Sports Logo Case Study #11—the 1915 Phillies, MLB's First True Team Logo
The 11th in an ongoing series of entries about vintage sports identities. Sports fans, as I have often said, are the most ardent brand loyalists on the face of the earth. There are stories to be told here at the intersection of art, commerce, history, and fandom.
2015 marks the 100th anniversary of what I consider to be one of the first—if not the first—true team logos in the history of Major League Baseball.
What makes this a "true logo?" Simply put, it was used across a wide variety of platforms to promote the team as part of a cohesive strategy. Although we are bombarded by logos and corporate symbols today, this was very rare in the world of MLB before the late 1940s. Some of the most familiar icons associated with MLB clubs were either a) used solely on uniforms or b) developed much later than this one.
The logo made its debut during the 1915 World Series, which the Phillies lost to the Boston Red Sox.
The symbol first appears in the form of a medallion, designed by venerable Philadelphia jeweler J.E. Caldwell & Company. Part of a credential given to members of the press, an example of this rare keepsake sold at auction for more than $15,000 in August, 2013.
Located in the shadow of Philadelphia's City Hall, J.E. Caldwell & Company had a great source of inspiration close by from which to draw. From its perch high above Philadelphia, the 37 foot tall, 26 ton statue of William Penn atop City Hall has been a visible civic landmark since the turn of the 20th century.
An engineering marvel, Philadelphia's City Hall was the tallest building in the world from 1901-08. It remained the tallest building in the city of Philadelphia until the late 1980s.
The logo features a Penn statue that has come to life, backed up by a chaotic scene involving nine other players. Abundantly detailed, the mark simply reads "Philadelphia National League Base Ball Club." Two things are noteworthy about this. The first involves the fact that "Phillies" is nowhere to be seen. The second involves the use of the antiquated two-word "Base Ball," which began to fade from use in the years following World War I.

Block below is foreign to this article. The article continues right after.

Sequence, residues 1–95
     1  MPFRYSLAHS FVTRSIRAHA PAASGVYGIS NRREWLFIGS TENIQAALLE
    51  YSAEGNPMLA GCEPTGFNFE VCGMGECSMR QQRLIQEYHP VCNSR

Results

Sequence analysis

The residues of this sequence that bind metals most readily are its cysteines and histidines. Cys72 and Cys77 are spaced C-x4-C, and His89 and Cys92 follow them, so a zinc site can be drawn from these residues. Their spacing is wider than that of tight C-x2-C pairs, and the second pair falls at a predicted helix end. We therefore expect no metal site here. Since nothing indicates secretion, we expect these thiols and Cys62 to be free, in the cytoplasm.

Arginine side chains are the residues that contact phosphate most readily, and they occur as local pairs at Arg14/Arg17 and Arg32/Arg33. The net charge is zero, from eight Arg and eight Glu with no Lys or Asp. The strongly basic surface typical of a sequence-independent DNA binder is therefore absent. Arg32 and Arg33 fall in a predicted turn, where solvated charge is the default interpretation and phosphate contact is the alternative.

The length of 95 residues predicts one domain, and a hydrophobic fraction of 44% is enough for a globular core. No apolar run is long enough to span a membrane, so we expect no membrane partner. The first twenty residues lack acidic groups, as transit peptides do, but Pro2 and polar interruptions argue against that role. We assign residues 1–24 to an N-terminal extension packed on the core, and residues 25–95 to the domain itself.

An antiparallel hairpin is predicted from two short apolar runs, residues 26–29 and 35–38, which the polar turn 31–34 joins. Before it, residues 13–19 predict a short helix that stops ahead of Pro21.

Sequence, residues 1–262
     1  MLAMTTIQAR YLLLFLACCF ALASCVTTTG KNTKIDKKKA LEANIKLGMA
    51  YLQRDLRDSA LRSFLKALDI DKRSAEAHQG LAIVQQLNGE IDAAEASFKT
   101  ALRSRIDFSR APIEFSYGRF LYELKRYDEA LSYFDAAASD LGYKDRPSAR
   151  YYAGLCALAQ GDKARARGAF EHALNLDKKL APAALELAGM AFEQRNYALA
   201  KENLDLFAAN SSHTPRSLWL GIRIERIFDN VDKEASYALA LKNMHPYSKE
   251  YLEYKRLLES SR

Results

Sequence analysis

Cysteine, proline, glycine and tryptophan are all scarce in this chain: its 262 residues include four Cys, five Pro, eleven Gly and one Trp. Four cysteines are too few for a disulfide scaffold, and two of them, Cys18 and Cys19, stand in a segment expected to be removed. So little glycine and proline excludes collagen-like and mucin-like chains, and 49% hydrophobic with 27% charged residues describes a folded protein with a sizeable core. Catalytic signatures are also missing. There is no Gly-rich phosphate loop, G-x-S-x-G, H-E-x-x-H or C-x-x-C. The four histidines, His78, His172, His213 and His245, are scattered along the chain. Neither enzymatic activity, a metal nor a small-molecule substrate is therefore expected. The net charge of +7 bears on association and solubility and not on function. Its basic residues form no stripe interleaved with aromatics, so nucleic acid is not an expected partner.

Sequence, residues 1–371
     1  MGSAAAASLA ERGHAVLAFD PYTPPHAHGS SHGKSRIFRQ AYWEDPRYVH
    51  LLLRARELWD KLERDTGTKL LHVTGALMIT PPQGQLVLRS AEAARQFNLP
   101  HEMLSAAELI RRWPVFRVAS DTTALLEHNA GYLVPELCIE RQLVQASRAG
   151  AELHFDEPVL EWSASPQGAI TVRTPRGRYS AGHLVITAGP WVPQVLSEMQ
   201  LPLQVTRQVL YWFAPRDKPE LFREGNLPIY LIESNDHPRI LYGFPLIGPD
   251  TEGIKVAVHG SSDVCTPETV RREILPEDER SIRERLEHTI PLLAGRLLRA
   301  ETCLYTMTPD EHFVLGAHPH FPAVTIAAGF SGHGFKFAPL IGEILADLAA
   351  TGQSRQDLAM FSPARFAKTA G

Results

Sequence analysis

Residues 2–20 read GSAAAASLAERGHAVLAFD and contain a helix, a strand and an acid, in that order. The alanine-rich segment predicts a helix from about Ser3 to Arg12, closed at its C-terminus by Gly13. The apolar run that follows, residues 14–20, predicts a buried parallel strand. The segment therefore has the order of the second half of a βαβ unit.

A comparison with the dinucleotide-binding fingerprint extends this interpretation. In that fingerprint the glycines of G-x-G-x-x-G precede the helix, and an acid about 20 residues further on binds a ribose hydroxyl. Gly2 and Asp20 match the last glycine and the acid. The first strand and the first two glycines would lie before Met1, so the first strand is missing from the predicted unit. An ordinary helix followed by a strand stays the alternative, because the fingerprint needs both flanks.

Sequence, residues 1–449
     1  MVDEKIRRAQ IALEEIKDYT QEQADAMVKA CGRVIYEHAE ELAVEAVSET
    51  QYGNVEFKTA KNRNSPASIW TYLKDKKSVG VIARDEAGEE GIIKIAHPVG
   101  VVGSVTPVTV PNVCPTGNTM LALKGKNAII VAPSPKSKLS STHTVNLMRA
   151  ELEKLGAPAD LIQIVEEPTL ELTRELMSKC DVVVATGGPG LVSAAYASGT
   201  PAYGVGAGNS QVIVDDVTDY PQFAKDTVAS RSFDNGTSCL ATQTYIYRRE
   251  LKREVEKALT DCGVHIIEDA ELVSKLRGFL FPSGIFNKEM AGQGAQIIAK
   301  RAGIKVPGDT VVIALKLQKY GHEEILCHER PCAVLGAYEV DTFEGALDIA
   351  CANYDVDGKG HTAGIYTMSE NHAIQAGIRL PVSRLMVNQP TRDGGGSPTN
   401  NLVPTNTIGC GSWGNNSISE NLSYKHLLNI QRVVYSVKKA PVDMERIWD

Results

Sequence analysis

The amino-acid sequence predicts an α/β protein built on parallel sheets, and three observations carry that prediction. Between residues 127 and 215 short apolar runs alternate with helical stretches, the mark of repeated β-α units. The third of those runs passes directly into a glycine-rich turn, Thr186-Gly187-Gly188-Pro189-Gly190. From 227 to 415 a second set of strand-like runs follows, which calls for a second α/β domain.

What's also striking to me is the fact that this is a fun logo! There's a certain level of goofiness involved in this huge local icon having come to life, very out of character given the visual landscape of Major League Baseball at this time.
Though rarely seen in the years immediately following its launch, the club again featured the insignia in medallion form ten years later, this time as a solid gold season pass. The logo was used on team letterheads starting in 1926, and was seen on scorecards, schedules, and roster guides from the late '20s up until the early '40s.
1938, the Phillies changed their uniform colors to yellow and blue in honor of the tercentenary celebration of the 1638 Swedish landing in what is now Wilmington, Delaware. That season the club elevated their logo to star status, placing in on the sleeves of their uniforms for the first and only time.
It should be noted that the Phillies fielded some truly awful teams during these years. The club's average attendance for the entire decade of the 1930s was around 3,000 fans per game. They switched stadiums in the middle of the 1938 season, moving from Baker Bowl to the Athletics' Shibe Park. Modern sports marketing was being pioneered at this time—in 1935 the Cincinnati Reds hosted MLBs first night games. The Chicago Cubs employed graphic designer and marketing expert Otis Shepard, eventually named to the club's Board of Directors in 1945. The underfunded Phillies, a bare-bones organization with little vision or budget for promotion, phased out the Penn logo in 1940-41.
The club underwent an identity of crisis in the early '40s, officially changing their name from Phillies to "Phils" in 1942, then reversing course the following season. The team became "Blue Jays" a year after that, although that nickname never took hold in the public imagination.
Now long forgotten, the Phillies' William Penn logo served as the primary visual representation of the franchise for a quarter century. 100 years after it was introduced, it deserves a second look.